(Suggested book reading: Programming Abstractions in C++, section 4.4, Chapter 19)
(This is just a paraphrase/summary of the first 4 paragraphs of section 4.4, which you may wish to just read instead or in addition to this summary; it is a very quick and easy read.)
One benefit of Object-Oriented Programming (OOP) is encapsulation, which means grouping state (data) and behavior (functions/methods) together in a whole that makes sense and hides implementaton details. Another benefit of OOP is inheritance, which is the ability to create relationships between different objects where they inherit data and/or behavior from other objects.
Inheritance in computer science creates a relationship between two classes where an instance of one class is an instance of the other class as well. A common analogy for this is to look at the relationships between shapes that you learned as a kid: a square is a rectangle, which is a polygon. We could say that a square inherits from rectangle, and rectangle in turn inherits from polygon.
Biological taxonomies also closely match how we think about inheritance in computer science. Here is the example from your textbook (Figure 4-5):
You've seen some examples of these relationships in class already: the stream classes for doing I/O in C++. An ifstream that you use to read input from a file is one kind of istream, which is a more general class for reading input (from files or from other sources). In class we'll see how to establish these relationships between different objects of our own in our code, and why it is useful to do so.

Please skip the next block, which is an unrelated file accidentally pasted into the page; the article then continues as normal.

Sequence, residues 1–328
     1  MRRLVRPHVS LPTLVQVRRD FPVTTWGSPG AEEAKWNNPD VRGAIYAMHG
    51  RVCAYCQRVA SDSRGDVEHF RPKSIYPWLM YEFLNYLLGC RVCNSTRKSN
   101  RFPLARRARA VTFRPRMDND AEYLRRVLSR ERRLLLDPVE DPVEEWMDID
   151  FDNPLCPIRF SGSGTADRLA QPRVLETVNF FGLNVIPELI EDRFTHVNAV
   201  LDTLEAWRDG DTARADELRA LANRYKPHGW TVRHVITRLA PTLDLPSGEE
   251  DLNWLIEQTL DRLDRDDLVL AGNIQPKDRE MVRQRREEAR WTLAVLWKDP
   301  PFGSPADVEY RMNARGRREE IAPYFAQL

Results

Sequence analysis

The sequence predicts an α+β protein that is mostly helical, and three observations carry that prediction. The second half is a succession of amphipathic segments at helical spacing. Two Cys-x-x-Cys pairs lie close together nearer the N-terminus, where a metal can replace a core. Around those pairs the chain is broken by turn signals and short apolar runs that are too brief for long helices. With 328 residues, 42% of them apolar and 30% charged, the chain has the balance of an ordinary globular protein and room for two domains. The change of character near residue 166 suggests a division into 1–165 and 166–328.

One really useful benefit you get when you use inheritance is called polymorphism. Polymorphism is when one piece of client code can interact with many different kinds of objects and get a different result depending upon which kind of object it is presently interacting with. For example, the following silly image shows an example of real-world polymorphism, where a person asks many different kinds of animals to "speak" and each kind of animal responds with different behavior that is specific to that kind of animal. We'll discuss how this works in C++ code during lecture.
You are expected to follow the Stanford Honor Code.
If this is an assignment that allows pairs, the same rules apply to each team. For example, do not look at assignment solutions that do not belong to your team, and do not give your solution to anyone outside of your team.
Remember that we run similarity-detection software over all solutions, including this quarter and past quarters, as well as any solutions we find on the web.
If you need help solving an assignment, we are happy to help you. You can go to the LaIR, or the course message forum, or email your section leader, or visit the instructor / head TA during office hours. You can do it!